Russian Embassy Slams David Cameron With Bizarre Take On Putin's Presidential Election

"The British establishment has become nervous", it claimed in a rambling statement.
The Russian embassy in the UK just slammed David Cameron over his refusal to accept the results of Russia's presidential election.
The Russian embassy in the UK just slammed David Cameron over his refusal to accept the results of Russia's presidential election.
Max Mumby/Indigo via Getty Images

The Russian embassy in the UK took aim at foreign secretary David Cameron in a strange rant on Tuesday.

Cameron said the election – which saw president Vladimir Putin re-elected for his fifth term – was “not democracy”, especially after Moscow tried to “silence any opposition to his illegal war”.

But, in a statement shared on X (formerly Twitter) and on its website, the Russian embassy claimed Cameron “has made knowingly biased assessments” on the outcome of the presidential election.

The Russian embassy alleged: “In the past few days British officials surpassed themselves in hypocritical statements designed to discredit the free expression of the will of the Russian people.”

Footage widely shared online shows how many of the electorate – in both Russia and occupied parts of Ukraine – were forced to vote under the watchful eye of armed troops.

Putin also said he secured a whopping 87% of the vote, the largest share he’s claimed since he got into power in 2000.

The embassy continued: “British diplomatic and consular missions in Russia were on the verge of blatantly interfering in its internal affairs by practically inciting to spoil ballots during polling days.”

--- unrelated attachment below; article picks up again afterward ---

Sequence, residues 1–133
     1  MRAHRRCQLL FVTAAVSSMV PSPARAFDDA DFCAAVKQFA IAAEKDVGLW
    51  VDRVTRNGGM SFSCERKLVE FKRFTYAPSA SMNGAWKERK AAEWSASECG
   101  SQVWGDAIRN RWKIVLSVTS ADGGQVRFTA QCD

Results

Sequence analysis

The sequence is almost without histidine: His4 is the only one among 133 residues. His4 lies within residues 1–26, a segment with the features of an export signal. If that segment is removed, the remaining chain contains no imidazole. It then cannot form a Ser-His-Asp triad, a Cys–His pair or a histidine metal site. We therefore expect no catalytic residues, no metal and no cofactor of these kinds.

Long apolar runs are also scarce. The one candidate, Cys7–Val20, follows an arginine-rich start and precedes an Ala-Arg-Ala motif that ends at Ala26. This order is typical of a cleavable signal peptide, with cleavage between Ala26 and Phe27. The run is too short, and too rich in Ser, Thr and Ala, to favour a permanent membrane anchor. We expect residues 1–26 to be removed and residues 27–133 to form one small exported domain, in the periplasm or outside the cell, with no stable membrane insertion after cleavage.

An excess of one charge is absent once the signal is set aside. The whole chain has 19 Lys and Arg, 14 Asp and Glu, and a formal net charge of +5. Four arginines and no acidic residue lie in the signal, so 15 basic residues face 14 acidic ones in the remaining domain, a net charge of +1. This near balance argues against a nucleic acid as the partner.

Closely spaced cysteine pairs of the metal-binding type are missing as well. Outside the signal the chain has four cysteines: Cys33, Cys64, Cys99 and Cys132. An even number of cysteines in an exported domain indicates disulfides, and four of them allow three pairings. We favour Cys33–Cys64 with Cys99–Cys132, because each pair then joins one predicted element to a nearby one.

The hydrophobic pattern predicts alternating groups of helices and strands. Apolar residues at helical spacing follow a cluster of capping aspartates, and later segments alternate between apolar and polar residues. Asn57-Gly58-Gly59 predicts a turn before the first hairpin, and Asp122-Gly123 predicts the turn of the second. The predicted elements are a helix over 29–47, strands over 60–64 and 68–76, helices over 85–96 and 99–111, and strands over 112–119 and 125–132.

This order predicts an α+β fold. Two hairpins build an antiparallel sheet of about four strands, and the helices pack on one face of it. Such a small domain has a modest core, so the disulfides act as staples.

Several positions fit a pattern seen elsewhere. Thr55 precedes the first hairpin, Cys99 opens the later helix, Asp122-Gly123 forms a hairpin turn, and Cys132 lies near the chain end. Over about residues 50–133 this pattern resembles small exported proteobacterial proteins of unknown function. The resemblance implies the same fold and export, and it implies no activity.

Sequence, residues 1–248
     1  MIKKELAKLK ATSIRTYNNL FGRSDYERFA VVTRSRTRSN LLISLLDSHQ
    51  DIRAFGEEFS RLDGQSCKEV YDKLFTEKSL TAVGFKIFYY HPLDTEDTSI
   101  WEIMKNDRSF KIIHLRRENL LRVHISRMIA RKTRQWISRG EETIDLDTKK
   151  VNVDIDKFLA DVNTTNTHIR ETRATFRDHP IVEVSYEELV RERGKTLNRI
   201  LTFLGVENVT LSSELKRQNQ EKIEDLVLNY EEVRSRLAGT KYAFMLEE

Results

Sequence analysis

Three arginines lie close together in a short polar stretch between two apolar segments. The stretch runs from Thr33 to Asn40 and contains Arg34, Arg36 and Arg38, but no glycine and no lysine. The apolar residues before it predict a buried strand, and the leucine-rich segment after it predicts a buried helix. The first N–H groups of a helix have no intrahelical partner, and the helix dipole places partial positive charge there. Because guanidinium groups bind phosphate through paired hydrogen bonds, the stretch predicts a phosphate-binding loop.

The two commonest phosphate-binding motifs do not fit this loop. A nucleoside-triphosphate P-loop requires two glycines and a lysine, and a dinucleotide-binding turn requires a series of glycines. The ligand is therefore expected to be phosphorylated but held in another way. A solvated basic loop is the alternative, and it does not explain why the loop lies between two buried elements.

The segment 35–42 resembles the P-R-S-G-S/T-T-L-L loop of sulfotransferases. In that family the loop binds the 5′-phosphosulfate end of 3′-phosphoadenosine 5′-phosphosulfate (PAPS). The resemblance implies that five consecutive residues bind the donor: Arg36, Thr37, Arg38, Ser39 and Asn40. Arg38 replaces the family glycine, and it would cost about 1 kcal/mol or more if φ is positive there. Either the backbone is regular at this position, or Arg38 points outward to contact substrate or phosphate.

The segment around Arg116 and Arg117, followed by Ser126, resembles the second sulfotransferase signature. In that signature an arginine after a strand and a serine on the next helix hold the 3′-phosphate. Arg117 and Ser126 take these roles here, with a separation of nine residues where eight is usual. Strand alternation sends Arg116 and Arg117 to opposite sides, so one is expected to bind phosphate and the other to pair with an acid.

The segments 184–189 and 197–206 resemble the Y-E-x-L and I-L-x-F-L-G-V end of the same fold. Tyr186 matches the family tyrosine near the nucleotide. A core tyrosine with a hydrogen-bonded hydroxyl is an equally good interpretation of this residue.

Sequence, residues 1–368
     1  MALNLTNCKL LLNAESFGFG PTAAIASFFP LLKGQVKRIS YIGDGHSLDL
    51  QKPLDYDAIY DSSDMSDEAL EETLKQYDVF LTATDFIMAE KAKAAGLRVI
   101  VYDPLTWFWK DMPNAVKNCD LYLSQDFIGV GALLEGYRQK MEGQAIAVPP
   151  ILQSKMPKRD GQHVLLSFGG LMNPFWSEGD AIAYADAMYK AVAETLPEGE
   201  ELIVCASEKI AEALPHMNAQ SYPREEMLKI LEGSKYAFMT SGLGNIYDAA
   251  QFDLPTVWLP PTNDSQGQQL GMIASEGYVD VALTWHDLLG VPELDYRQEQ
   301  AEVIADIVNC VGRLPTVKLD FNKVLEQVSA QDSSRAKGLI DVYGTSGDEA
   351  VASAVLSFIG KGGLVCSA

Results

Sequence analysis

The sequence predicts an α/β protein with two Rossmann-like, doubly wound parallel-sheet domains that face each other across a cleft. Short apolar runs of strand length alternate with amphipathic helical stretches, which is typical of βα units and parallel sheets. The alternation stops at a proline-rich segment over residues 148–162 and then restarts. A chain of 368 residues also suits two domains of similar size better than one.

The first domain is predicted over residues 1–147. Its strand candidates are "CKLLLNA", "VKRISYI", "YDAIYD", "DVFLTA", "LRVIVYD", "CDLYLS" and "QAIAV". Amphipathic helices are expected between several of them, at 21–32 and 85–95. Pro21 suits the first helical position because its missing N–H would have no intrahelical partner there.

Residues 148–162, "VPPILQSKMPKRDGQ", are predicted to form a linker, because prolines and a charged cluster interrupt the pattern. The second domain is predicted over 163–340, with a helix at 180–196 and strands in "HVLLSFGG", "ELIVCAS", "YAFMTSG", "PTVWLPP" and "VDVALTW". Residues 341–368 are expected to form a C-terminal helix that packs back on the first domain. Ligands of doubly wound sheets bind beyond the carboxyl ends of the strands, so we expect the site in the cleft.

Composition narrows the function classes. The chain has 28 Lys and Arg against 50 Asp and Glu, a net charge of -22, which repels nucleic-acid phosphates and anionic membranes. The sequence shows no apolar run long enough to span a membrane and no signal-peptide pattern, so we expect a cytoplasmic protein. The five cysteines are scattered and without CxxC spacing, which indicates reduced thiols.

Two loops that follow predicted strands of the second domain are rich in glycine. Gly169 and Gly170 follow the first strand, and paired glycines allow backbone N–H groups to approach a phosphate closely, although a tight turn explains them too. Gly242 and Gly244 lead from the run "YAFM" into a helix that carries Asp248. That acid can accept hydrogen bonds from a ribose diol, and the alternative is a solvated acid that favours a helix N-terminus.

Those opposing the Putin regime had called for voters to silently protest his authoritarianism by writing “Navalny” on the ballot paper, in honour of the president’s deceased political opponent.

The embassy described Cameron’s remarks about the election being undemocratic as “unacceptable”.

It added they could not be “interpreted as anything but evidence of London’s desperation” to destabilise the Kremlin.

It concluded that “the British establishment has become nervous” at the sight of Russia’s “maturity and unity” and ongoing support for the Ukraine war.

“We call on London to abandon its confrontational logic and the promotion of anti-Russian rhetoric,” the embassy said.

Ignoring Russia’s own ongoing attacks on Ukraine, the embassy said: “It is immoral to sponsor and cover up the pervasive crimes of the Ukrainian military that relishes its strikes against new regions of the Russian Federation.”

The presidential election appeared to allow voters to support either Putin – in power for almost 25 years – or one of three other candidates, all of whom have also publicly voiced their backing for the president.

Putin’s most prominent critic, Alexei Navalny, was imprisoned by Russian authorities in 2021 on charges widely seen as politically motivated.

He died under mysterious circumstances earlier this year while serving a lengthy sentence in an Arctic penal colony.

The Russian president acknowledged his death for the first time in his victory speech after his re-election.

He claimed that he had intended to do a prisoner swap with Navalny before his death though there is no evidence to support this.

On what caused his opponent’s demise, Putin said: “It happens. There is nothing you can do about it. It’s life.”


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